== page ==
Declaratory Policy. United States declaratory policy reflects a sensible and stabilizing approach to deterring a range of attacks in a dynamic security environment. This balanced policy maintains a very high bar for nuclear employment, while also complicating adversary decision calculus, and assuring Allies and partners. As long as nuclear weapons exist, the fundamental role of nuclear weapons is to deter nuclear attack on the United States, our Allies, and partners. The United States would only consider the use of nuclear weapons in extreme circumstances to defend the vital interests of the United States or its Allies and partners.
The United States will not use or threaten to use nuclear weapons against non-nuclear weapon states that are party to the NPT and in compliance with their nuclear non-proliferation obligations. For all other states, there remains a narrow range of contingencies in which U.S. nuclear weapons may still play a role in deterring attacks that have strategic effect against the United States or its Allies and partners.
Declaratory policy is informed by the threat, assessed adversary perceptions, Ally and partner perspectives, and our strategic risk reduction objectives. We conducted a thorough review of a broad range of options for nuclear declaratory policy – including both No First Use and Sole Purpose policies – and concluded that those approaches would result in an unacceptable level of risk in light of the range of non-nuclear capabilities being developed and fielded by competitors that could inflict strategic-level damage to the United States and its Allies and partners. Some Allies and partners are particularly vulnerable to attacks with non-nuclear means that could produce devastating effects. We retain the goal of moving toward a sole purpose declaration and we will work with our Allies and partners to identify concrete steps that would allow us to do so.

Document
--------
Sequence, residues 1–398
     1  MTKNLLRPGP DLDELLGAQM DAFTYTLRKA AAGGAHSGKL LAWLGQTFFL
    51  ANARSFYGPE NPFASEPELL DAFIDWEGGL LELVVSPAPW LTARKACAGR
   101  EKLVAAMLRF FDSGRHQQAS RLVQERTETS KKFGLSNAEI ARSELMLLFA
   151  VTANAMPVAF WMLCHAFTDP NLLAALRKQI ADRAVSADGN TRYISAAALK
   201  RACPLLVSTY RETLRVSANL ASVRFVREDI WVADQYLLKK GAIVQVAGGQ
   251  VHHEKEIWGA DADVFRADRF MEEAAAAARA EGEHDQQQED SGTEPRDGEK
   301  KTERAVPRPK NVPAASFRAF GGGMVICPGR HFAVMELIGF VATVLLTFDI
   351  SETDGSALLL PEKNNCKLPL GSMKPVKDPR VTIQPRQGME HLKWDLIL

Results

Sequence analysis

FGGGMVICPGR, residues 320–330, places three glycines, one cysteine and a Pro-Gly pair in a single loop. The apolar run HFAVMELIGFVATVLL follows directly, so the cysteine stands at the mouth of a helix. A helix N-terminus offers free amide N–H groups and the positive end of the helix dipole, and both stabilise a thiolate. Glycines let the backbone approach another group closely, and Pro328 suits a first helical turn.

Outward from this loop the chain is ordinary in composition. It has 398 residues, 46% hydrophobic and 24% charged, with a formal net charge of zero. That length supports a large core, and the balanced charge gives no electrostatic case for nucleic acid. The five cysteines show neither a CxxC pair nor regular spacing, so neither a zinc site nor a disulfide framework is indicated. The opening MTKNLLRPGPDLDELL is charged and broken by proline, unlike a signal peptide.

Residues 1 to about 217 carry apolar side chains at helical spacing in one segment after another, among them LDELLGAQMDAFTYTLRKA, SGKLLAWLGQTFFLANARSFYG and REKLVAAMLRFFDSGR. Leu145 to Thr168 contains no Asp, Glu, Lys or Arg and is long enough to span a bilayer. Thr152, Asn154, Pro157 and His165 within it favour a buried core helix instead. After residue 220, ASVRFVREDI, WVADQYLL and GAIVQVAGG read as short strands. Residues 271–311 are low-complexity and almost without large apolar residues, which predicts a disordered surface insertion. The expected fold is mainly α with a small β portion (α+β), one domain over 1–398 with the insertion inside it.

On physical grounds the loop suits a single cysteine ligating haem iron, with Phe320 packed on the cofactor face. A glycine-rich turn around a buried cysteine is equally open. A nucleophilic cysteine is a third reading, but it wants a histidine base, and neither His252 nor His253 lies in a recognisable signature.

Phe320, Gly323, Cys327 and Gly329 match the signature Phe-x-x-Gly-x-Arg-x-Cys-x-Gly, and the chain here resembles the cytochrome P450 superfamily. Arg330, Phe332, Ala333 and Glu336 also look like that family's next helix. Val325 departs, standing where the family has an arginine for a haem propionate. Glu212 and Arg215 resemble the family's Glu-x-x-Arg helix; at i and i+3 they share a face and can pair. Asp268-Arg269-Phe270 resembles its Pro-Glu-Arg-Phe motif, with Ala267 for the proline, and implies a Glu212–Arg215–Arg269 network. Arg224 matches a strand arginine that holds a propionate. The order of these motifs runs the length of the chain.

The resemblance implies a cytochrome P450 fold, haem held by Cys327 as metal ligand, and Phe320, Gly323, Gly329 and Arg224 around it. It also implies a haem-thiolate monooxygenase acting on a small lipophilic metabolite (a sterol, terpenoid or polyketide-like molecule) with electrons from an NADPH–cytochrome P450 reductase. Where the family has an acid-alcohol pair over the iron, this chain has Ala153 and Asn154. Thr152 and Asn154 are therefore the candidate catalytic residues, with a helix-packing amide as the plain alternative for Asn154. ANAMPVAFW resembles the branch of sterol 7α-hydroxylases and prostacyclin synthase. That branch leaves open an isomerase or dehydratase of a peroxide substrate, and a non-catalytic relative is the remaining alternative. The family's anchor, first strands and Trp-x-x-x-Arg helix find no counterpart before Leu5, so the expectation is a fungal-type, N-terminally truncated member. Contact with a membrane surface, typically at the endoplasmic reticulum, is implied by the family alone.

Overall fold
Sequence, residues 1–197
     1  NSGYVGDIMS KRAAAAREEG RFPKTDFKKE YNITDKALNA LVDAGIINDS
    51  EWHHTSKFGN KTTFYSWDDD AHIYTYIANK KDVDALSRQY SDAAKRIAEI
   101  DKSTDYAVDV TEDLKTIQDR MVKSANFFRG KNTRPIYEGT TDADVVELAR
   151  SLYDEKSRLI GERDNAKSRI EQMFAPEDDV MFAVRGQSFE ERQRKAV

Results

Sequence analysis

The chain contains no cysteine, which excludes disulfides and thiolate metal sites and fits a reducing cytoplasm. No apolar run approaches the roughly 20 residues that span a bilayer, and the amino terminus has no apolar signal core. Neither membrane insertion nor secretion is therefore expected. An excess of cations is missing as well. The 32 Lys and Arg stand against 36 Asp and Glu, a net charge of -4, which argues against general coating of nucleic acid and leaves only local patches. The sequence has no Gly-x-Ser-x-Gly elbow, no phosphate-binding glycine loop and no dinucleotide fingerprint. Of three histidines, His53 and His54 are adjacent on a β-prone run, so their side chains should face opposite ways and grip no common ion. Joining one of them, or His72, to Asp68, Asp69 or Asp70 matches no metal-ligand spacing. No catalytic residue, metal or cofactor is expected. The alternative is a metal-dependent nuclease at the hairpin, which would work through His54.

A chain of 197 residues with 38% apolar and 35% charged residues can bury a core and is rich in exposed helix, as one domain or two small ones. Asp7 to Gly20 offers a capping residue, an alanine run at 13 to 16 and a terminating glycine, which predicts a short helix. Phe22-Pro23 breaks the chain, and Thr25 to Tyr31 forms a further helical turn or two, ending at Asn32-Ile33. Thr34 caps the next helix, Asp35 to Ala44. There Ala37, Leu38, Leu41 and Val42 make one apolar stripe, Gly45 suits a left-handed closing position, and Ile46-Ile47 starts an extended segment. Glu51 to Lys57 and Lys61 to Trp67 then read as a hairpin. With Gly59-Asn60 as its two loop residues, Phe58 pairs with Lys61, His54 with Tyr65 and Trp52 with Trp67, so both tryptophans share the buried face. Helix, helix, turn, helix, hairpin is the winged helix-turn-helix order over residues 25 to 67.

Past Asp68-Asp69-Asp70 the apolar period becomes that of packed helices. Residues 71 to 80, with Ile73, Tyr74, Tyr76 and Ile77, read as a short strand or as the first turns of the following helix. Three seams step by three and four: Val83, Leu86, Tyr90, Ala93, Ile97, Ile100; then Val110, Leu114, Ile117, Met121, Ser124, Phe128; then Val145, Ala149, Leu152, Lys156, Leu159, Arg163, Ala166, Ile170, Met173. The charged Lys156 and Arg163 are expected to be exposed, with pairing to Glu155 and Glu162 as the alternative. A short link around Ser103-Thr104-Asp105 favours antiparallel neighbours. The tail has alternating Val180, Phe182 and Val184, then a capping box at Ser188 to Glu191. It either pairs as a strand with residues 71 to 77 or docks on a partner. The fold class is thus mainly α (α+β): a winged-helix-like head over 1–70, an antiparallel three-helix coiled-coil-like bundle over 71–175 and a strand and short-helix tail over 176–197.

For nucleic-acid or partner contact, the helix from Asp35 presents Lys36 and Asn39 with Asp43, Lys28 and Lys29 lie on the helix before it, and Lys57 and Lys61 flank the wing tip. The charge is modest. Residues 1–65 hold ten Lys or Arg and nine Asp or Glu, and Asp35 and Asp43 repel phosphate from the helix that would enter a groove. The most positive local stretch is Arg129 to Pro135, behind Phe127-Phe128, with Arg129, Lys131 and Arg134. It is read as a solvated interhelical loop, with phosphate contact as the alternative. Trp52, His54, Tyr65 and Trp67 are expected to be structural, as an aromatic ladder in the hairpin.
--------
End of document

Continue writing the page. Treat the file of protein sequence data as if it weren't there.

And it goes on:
Nuclear Weapons in U.S. Defense Strategy. While the United States maintains a very high bar for the employment of nuclear weapons, our nuclear posture is intended to complicate an adversary’s entire decision calculus, including whether to instigate a crisis, initiate armed conflict, conduct strategic attacks using non-nuclear capabilities, or escalate to the use of nuclear weapons on any scale. Our nuclear deterrent thus undergirds all our national defense priorities, including defending the U.S. homeland, deterring strategic attacks against the United States, our Allies and partners, and deterring regional aggression with emphasis on the PRC and Russia.